Caucasian Vacation 3 (Georgia): Gori

Another popular day trip from Tbilisi is Gori, a city known as the birthplace of Joseph Stalin. It’s a rather dubious distinction, but locals still hold a degree of respect and pride for the hometown boy.

Souvenirs featuring Stalin are sold in Gori.
The Stalin Museum is dedicated to Gori’s most famous son, Joseph Stalin.
Stalin’s birth house is enshrined in front of the museum.
Beside the museum is the train carraige that Stalin rode on to Yalta.

The main site here is undoubtedly the Stalin Museum, a building filled with paraphernalia documenting the life of the former Soviet dictator, including Stalin’s death mask. The exhibits are well-done if unsurprisingly one-sided, although the guides in recent times have been doing their best to present more objective accounts, including recognizing Stalin’s questionable policies.

In front of the museum is a marble structure inside which is Stalin’s birth house. Beside is a train car he used to go to Yalta for the Yalta Conference.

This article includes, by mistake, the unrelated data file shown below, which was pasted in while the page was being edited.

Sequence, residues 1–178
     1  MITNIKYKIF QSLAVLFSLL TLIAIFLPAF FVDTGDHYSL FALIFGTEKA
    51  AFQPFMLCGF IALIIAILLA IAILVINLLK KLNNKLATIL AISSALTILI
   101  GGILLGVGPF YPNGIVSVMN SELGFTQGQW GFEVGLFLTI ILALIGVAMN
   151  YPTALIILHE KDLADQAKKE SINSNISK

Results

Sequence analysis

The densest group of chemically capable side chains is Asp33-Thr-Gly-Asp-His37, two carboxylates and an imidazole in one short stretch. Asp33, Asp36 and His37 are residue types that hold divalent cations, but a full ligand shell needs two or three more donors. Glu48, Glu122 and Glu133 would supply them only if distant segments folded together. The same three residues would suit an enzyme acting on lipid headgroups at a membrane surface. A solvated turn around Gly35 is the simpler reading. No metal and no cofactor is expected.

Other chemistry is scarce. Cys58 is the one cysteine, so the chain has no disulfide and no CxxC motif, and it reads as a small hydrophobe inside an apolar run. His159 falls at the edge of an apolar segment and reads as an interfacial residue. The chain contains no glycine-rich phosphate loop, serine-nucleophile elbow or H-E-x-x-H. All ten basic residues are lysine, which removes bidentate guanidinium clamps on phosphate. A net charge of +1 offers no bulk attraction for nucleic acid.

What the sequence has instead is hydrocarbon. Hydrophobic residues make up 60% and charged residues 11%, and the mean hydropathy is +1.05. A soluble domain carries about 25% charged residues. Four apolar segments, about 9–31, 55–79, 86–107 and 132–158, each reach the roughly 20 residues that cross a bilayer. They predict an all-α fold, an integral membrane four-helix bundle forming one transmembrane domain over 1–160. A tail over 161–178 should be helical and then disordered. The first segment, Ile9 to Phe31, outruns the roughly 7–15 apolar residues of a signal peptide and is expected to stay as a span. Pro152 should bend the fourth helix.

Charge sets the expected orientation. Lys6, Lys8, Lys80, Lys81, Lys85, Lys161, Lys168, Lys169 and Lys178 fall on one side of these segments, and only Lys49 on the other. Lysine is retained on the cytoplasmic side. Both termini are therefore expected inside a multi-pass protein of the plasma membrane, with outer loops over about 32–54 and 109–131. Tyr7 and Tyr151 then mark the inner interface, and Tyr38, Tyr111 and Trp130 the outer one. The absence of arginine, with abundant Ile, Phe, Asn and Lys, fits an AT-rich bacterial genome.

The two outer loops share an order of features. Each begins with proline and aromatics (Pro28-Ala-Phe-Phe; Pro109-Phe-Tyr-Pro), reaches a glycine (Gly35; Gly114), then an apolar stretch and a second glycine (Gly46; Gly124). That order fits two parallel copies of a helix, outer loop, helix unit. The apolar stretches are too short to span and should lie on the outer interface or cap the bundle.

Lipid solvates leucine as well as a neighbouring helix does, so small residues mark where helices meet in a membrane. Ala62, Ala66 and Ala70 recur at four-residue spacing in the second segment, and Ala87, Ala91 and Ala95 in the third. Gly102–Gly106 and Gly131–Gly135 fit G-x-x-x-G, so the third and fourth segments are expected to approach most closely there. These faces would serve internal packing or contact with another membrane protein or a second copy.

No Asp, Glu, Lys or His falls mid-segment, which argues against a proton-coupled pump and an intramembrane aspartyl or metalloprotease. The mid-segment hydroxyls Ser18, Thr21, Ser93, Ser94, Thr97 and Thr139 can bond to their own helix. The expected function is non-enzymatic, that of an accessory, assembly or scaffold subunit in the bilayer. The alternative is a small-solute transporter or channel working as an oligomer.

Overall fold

Statues of soldiers stand at the foot of a hill. Perched on top is the Gori Fortress, the ruins of a 13th century castle.
An overview of Gori can be seen from the fortress.
The Cathedral of the Virgin Mary housed the town’s music school in Soviet times.
The Gori City Hall was the target of Russian shelling during the 2008 Russian-Georgian war.

Gori is not all about Stalin, though. Near the museum is the Gori Fortress, a medieval citadel overlooking the city. Archaeological evidence indicates that the area has been fortified a few years BC, although the fortress itself didn’t appear in written records until the 13th century. After Russia annexed Georgia in 1801, the fortress gradually declined in importance.

Today, the fortress primarily serves as a tourist attraction, providing great views of the city and the contested territory of South Ossetia to the north.

We drop by for lunch at a nearby restaurant before heading off to our next destination.

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